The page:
Following are some steps to find altitude of a specific location using Google Map :
Step 1 : Execute a "Find_Altitude.htm" by clicking here.
Step 2 : You may choose to Open the file using Internet Explorer or Save the file and execute later.
Step 3 : Google Map will shows map of Singapore island. You may zoom out the map by clicking "-" (in pull bar), left hand side of map
Step 4 : Zoom to the plant location you wish to find the altitude.
Step 5 : Double click the location. Altitude will be displaced in a box.
ExampleFind altitude of "Nature Reserve" and "Sentosa Island Beach" in Singapore island.
Step 1 : Execute a "Find_Altitude.htm" by clicking here.
Step 2 : Open the file using Internet Explorer. Google Map will shows map of Singapore island.
Step 3 : Double click the "Nature Reserve". The altitude of "Nature Reserve" in Singapore is approximately 60.64 m. See below image.
Step 4 : Double click the "Sentosa Island Beach". The altitude of "Sentosa Island Beach" in Singapore is approximately 0.0 m. See below image.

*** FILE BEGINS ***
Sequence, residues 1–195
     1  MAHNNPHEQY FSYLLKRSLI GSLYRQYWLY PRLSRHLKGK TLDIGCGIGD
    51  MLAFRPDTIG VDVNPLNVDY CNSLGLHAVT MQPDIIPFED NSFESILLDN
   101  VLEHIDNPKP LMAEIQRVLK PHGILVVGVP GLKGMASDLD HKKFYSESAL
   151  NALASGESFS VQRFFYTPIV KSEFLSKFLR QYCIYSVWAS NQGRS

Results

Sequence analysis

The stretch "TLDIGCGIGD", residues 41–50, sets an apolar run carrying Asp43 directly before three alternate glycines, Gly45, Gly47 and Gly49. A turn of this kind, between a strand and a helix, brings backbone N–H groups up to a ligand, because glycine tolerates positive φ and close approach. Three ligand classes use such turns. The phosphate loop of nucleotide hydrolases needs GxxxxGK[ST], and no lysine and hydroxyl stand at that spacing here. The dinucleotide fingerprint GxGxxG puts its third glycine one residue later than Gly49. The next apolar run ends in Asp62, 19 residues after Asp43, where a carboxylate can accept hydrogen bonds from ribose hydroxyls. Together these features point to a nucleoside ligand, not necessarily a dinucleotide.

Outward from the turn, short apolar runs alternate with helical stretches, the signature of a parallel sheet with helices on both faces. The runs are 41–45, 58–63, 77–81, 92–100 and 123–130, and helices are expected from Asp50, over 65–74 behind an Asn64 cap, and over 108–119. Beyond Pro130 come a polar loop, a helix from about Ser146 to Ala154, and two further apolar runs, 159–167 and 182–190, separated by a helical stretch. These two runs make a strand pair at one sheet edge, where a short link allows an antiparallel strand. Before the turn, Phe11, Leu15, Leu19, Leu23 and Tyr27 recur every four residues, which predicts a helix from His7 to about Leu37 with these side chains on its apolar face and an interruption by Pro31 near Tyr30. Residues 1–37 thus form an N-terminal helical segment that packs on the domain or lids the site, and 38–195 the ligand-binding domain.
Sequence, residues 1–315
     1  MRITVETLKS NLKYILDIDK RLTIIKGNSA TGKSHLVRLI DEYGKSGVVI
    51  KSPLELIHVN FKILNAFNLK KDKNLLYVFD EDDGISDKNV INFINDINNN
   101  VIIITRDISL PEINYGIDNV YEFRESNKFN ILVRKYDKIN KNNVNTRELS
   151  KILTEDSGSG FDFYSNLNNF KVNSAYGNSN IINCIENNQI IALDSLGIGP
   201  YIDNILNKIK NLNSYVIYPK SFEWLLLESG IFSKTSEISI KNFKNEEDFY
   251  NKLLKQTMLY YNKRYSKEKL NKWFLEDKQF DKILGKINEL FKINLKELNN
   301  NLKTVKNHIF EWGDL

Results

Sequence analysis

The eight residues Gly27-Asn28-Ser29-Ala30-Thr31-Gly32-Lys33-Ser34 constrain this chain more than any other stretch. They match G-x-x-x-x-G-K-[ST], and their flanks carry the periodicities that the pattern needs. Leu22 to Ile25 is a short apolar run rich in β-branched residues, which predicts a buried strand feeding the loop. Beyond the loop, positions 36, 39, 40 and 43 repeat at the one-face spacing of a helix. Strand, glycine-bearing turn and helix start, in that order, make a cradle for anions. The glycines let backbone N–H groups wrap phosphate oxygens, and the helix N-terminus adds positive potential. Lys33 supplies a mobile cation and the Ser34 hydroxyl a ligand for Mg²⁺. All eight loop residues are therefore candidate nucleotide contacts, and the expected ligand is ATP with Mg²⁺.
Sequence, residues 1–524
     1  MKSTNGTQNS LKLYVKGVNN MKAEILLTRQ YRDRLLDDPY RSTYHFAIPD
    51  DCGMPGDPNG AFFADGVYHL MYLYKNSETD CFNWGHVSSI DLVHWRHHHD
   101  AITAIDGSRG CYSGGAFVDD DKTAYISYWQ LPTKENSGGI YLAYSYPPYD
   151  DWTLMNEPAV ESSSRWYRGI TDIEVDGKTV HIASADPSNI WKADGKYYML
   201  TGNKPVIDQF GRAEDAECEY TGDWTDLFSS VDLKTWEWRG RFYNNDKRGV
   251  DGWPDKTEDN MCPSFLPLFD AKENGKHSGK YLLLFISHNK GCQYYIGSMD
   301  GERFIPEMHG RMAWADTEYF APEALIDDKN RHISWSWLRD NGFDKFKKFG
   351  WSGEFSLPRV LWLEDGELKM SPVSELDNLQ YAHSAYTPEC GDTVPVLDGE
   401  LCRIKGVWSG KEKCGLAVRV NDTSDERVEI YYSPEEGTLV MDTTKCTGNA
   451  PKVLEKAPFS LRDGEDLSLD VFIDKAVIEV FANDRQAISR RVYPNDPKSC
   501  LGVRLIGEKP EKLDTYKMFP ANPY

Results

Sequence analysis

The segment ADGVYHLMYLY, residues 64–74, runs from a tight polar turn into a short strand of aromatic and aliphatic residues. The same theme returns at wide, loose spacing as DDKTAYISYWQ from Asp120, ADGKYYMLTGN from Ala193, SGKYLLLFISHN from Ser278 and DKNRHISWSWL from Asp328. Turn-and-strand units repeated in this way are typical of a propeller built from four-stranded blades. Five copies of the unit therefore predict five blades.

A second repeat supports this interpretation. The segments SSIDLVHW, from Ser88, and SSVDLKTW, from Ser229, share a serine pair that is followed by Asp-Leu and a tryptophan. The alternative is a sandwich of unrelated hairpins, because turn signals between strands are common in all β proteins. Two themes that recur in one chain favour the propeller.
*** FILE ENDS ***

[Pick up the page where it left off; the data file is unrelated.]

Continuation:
Shall take note that this is just for reference only.
Do you have better idea ?
Wednesday, October 6, 2010
Many LNG plants are built at the seaside to ease transportation, product loading and unloading. The atmospheric pressure with plant near seaside is 101325 Pa and all facilities are designed to the atmospheric pressure of 101325 Pa. However, if this plant is built in inland at high altitude, atmospheric pressure can seriously affect the design and operation of a LNG plant. Prior to discuss how the design and operation is impacted, lets step back to look at definition of pressure.
Operating pressure is commonly written as gauge pressure e.g. kPag, barg, etc in engineering whilst absolute pressure e.g kPaa, bara, etc. Absolute pressure equal to gauge pressure plus atmospheric pressure.
5 bar abs = 5 barg + 1.01325 bar = 6.01325 bara
The standard atmosphere pressure is pressure defined as being equal to 101,325 Pa or 101.325 kPa and normally refer to mean sea level (h=0 m). Atmospheric pressure is decreased with altitude (elevation from mean sea level or earth surface) with following relation.
Pb = Static pressure (Pa)
Tb = Standard temperature (K)
Lb = Standard temperature lapse rate -0.0065 (K/m) in ISA
h = Height above sea level (meters)
hb = Height at bottom of layer b (meters; e.g., h1 = 11,000 meters)
R = Universal gas constant for air: 8.31432 N.m /(mol.K)
g0 = Gravitational acceleration (9.80665 m/s2)
M = Molar mass of Earth's air (0.0289644 kg/mol)
Altitude = 0 – 11000m, Tb = 288.15 K, Lb = -0.0065 K/m, Pb = 101325 Pa
Altitude = 11000 – 20000m, Tb = 216.65 K, Lb = -1 x 10E-30 K/m, Pb = 22632.1 Pa